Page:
H.R. 3459 would amend the National Labor Relations Act (NLRA) to define “joint employer” to mean two or more employers who each share “actual, direct, and immediate control” over the terms and conditions of employment. In a recent ruling by the National Labor Relations Board, the Board concluded a “joint employer” relationship could be established when an employer exercises control over employment matters indirectly or such control is reserved to an employer by contract. In that ruling, the Board found that a company that had contracted with a staffing agency was a “joint employer” of the contract employees because the company had reserved the right to control some of the terms and conditions of their employment in its contract with the staffing agency. The bill would make it less likely that companies with similar contracting arrangements would be considered “joint employers” under the NLRA and, therefore, less likely such companies would be subject to collective bargaining and provisions related to unfair labor practices.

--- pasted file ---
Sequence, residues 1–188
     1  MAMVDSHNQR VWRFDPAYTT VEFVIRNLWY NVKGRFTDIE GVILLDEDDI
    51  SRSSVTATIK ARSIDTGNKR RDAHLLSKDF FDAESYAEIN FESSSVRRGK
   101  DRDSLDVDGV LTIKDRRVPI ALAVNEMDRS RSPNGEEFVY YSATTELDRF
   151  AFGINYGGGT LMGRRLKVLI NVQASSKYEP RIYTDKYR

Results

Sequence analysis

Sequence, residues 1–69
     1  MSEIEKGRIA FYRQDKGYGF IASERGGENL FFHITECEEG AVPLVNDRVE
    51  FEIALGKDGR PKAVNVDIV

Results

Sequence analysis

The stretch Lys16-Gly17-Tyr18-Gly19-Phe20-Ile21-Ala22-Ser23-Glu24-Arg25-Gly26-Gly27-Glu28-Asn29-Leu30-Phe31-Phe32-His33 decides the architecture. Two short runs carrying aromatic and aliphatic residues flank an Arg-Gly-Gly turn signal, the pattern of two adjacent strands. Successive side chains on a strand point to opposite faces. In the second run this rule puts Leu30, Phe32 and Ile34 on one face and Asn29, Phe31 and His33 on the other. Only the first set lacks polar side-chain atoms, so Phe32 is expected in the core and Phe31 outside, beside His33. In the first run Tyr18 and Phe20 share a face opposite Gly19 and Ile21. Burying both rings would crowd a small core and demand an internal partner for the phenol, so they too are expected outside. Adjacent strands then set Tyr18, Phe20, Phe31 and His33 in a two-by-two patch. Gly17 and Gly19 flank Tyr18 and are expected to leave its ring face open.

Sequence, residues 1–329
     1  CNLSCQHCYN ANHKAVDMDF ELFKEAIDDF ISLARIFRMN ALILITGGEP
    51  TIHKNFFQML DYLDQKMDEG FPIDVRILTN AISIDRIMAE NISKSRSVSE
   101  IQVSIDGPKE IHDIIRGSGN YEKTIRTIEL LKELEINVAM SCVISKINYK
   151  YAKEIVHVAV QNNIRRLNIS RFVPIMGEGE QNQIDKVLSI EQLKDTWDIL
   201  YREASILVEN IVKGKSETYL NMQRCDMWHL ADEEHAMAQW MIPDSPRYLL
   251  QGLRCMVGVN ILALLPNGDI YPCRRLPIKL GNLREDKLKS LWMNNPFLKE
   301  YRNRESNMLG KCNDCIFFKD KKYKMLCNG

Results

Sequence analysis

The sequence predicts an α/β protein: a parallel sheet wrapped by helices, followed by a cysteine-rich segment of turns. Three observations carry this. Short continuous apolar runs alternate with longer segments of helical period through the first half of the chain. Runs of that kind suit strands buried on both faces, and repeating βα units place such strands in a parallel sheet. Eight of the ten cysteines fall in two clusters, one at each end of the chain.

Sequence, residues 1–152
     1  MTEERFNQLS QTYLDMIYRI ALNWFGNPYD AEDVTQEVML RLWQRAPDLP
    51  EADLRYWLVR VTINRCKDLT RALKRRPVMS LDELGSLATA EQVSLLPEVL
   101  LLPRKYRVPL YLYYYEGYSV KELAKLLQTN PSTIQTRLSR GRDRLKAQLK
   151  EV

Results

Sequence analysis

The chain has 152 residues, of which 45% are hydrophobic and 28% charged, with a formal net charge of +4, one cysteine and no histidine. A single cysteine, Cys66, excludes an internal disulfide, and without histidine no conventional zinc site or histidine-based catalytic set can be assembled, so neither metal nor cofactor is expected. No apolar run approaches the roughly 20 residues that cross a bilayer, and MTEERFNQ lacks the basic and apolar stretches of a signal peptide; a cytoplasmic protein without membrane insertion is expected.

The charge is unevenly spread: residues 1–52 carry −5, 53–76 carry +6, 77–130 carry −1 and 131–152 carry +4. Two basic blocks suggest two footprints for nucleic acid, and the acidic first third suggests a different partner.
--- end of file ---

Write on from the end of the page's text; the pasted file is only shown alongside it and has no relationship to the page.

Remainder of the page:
Implementing the bill would not affect the operations of federal and state agencies because the NLRA excludes federal governmental entities as well as states and political subdivisions of states from the definition of “employer” under the act.
Enacting H.R. 3459 would not affect direct spending or revenues; therefore, pay-as-you-go procedures do not apply. CBO estimates that enacting H.R. 3459 would not increase net direct spending or on-budget deficits in any of the four consecutive 10-year periods beginning in 2026.
H.R. 3459 contains no intergovernmental or private-sector mandates as defined in the Unfunded Mandates Reform Act and would not affect the budgets of state, local, or tribal governments.